23 January 2015
Disqualified Stroud director ordered to pay back £200k
A Stroud businessman who was banned from managing companies has been ordered to pay £200,000 in compensation, costs and confiscated money.
John William Dixon, who was sentenced at Bristol Crown Court last month after admitting acting in the management of two translation companies while disqualified, was told to pay back money owed to translators who were never paid.
“Mr Dixon operated a translation service but did not pay his staff,” said Department of Business, Innovation & Skills (BIS) investigation officer Tony James after the hearing to determine how much he should pay, at Bristol Crown Court on Monday, January 19.
“This undermines the basic ethics of business. The Department of Business, Innovation & Skills will not tolerate such activity. By pursing Mr Dixon through the court for these criminal offences the department has secured compensation for several victims as well as a confiscation order for the benefit Mr Dixon obtained in the commission of his crime.
The enforcement of the compensation will be dealt with by HM Court Service.”
BIS said that between November 30, 2009 and April 1, 2011, Dixon, also known as John William Crossman, acted as a director or directly or indirectly of West Translations Limited (company number 07091468), and of Aplingo Limited Guernsey (company number 50820), while disqualified.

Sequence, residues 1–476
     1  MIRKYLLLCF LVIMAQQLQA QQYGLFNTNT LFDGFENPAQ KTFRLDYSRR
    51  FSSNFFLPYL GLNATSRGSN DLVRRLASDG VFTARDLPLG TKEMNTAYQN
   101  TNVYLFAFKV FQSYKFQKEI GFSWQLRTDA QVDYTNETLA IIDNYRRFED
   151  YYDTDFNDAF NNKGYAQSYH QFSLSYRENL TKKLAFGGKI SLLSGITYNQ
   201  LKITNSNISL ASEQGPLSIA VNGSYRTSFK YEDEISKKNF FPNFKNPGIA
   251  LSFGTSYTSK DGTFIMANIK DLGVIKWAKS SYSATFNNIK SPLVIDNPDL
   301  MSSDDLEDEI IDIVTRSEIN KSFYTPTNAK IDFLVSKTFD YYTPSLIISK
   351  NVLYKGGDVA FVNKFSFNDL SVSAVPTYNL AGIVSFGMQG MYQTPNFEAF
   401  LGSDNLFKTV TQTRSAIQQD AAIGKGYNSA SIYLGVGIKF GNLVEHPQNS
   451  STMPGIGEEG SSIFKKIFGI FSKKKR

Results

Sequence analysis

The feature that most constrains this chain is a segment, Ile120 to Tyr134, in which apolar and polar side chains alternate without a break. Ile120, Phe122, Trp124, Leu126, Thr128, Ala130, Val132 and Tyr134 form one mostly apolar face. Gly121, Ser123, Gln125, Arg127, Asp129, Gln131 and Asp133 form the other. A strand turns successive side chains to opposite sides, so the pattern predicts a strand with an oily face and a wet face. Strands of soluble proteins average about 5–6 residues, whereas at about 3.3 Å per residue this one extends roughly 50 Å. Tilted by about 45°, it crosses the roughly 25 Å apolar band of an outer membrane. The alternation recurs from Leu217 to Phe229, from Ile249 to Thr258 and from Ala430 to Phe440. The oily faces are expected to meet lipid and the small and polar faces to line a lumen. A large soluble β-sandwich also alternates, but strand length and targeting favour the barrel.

Dixon, of Eastcombe, near Stroud, admitted the charges and in December 2013 he was sentenced to 12 months concurrent imprisonment on each count, which was suspended for two years.
He was ordered to undertake 200 hours unpaid work in the community and was disqualified from acting as a director for a further seven years.
The court heard that Mr Dixon benefited personally from his criminal conduct and did not pay a number of creditors for works, which they carried out on his behalf.
The unpaid invoices ranged from £35 to £16,702. In total BIS sought compensation for 75 identifiable victims.
BIS initiated confiscation proceedings, which resulted in the court ordering £61,340 to be confiscated, £132,361.03 to be paid in compensation and a contribution towards costs if £6,292.97. All £200,000 must be paid within six months.
The conviction followed a full criminal investigation and prosecution by the Department for Business, Innovation and Skills (BIS).